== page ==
What Is Lens Compression? And What does it do?!

When we choose a lens to take an image with,  most of the time we are looking at how much we want to fit into the frame, and far away from our subject we are. For example, if you are shooting indoors in a small room, but you want to leave in some of the surroundings to give the image context, then you are going to want to choose a shorter focal length.  If you are photographing something farther away,  like your child at sports day, you are going to want to have a longer length lens on your camera, so you can be farther back but still have the whole of your child in the frame.  In the post I did yesterday, you can see just how much more you can fit into the frame with a 35mm than a 200mm. (Check out the post on focal length comparisons if you missed it!) 

As I mentioned in that post, there is another reason for using certain lenses over and above how near or far we are from our subjects, and that is the lens compression.  

If we frame our subjects the same way in the frame (by keeping them the same size in the viewfinder but just moving ourselves farther back or closer to subject) we can still get two very different images purely depending on the lens you choose because of lens compression

Lens compression changes how close or far away elements look within the frame.  if you shoot with a wide angle lens, objects that are closer to the frame will appear larger than objects that are farther away, and items in the frame that are farther away will look smaller and farther back.  They have the affect of spreading everything out, pushing the elements further apart. 

Now if I stick on a telephoto lens, the opposite happens.  Subjects closer to the camera look smaller, and items in the background look larger and closer to the subject.  Longer lengths tend to flatten an image more - bringing the foreground, subject and background elements closer together - the opposite of what a wide angle lens does.   With a longer length lens, depth of field also appears much shallower,  blurring out your background and helping isolate your subject.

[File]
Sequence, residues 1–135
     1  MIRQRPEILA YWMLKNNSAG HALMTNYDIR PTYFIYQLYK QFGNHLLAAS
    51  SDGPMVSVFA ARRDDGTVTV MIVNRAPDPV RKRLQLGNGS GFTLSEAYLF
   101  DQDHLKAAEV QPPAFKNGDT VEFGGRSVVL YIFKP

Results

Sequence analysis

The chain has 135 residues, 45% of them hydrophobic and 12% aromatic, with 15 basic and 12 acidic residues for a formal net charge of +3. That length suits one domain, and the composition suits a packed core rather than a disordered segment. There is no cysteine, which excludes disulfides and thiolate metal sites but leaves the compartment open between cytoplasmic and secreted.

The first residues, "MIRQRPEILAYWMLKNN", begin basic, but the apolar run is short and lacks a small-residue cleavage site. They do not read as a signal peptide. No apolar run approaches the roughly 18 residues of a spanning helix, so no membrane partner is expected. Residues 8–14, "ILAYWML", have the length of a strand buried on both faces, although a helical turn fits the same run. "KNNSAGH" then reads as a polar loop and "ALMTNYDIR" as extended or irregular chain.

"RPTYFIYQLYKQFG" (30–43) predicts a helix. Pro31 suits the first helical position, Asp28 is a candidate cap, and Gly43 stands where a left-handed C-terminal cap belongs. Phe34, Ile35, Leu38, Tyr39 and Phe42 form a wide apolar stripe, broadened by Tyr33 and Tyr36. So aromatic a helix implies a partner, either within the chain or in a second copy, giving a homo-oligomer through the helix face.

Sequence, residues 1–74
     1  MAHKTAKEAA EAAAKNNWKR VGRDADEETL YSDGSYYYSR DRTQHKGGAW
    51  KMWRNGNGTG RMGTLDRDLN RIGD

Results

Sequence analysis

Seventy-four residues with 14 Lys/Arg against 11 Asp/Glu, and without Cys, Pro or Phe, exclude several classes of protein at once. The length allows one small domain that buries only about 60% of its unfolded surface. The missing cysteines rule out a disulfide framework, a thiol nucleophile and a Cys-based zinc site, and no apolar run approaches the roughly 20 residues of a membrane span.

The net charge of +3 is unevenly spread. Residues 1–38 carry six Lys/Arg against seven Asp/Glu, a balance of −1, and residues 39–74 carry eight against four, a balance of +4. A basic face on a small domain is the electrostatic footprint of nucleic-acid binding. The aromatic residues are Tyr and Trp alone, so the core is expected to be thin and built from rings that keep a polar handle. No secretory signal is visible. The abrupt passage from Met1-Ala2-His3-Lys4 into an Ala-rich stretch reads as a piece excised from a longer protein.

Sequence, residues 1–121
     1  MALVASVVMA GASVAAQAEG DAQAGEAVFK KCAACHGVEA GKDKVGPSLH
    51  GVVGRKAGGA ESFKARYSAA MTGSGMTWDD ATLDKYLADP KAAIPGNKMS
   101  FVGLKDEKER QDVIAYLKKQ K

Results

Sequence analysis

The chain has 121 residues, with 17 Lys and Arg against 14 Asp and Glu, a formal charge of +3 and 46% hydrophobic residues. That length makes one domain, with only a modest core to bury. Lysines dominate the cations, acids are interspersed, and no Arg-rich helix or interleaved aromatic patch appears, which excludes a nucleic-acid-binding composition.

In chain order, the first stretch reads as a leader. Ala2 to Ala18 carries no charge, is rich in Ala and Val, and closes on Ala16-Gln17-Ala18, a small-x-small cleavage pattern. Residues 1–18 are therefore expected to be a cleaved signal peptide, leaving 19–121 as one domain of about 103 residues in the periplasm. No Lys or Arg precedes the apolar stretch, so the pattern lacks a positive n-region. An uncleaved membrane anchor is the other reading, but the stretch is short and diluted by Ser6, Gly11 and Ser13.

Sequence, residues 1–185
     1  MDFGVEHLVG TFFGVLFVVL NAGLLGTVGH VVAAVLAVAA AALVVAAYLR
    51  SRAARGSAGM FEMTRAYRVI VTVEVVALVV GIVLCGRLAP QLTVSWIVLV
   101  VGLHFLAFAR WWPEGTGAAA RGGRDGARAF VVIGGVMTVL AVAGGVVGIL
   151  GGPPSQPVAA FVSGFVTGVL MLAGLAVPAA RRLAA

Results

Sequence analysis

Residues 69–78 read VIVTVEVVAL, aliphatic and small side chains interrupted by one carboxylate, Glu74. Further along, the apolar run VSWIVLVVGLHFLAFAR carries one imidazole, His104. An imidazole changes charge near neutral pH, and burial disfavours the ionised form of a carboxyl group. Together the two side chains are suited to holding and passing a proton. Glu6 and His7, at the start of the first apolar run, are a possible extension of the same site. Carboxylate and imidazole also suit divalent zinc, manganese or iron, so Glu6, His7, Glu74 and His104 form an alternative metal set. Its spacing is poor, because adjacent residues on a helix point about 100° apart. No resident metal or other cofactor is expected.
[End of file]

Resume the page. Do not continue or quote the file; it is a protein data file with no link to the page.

It's probably going to be easier to explain using some examples,, featuring my lovely model Dave again :) 

First example, and in these I am using a 35mm as my wide angle lens, and an 85mm for the longer length lens (because that is as far as I could back up!)  I've got Dave on the dining room table. I've tried as best as I can to frame them in the same way, and keep them the same size in the frame. 

Can you see the difference in the picture frames that are on the wall in the background? Using the 35mm, those frames look farther away, and smaller, and I am able to fit more of them in.   With the 85mm, the frames look much closer to him, almost pulled right up against him, and they look larger and take up more space within the image.  You can also see a difference in how Dave looks - it's not glaringly obvious, but he looks a little slimmer in the second photo :)  

This next image shows the same thing again - in the first image taken with the 35mm the door at the end of the hallway looks quite far away (you can just see the patch of light from it over his camera right shoulder) and we can see that the door closest to him is made up of individual panes of glass (which are a nightmare to clean I can tell you).  However, in the image taken with the 135mm lens, the doorway at the end of the hallway looks right up against him, and the field of view has narrowed - I can't see the door closest to him at all now. Although the subject is taking up roughly the same amount of room as the frame in both images, the results are very different. 

I  had to seriously curb my OCD tendancies not to straighten those lines but it would have knocked off my framing! 

One more example (I do like to labor a point home) and in this example I added the nearest thing that came to hand into the background of the image - in this case a skittle (which due to background blur just looks like a red blob) You can see the affect in action again - with the 35mm the red blob looks farther back and quite small, with the 200m, that red blob ooks larger and right up against him. 

So, longer lengths brings background elements closer, wide angles will make the background appear smaller and farther away.  With items closer to the lens,  shorter focal lengths make them look larger, with longer focal lengths, they look smaller.  (This is why portrait lenses are often longer lengths - for that slight slimming affect)  

It is not that one is better than the other, more that each has a different "look" and it will largely depend on what you are photographing as to which lens you want to choose.  For example, in that last image of Dave, I prefer the one taken by the 35mm - it looks  more comical and quirky, which,  of course, is perfect for a minion....but if I were taking a photograph of a bride, I'm not so sure she'd want that look, and I'd go with a 85mm or larger. 

You can also use the affect of lens compression compositionally, since it affects how the various elements in a scene are positioned within the frame - so you can use it to bring elements closer or make them farther away, and therefore bring them into certain areas or just imply a closer connection.  

I think that's everything there is to know about lens compression, but if you have any questions just leave a comment below (or on Facebook) and I'll try to answer!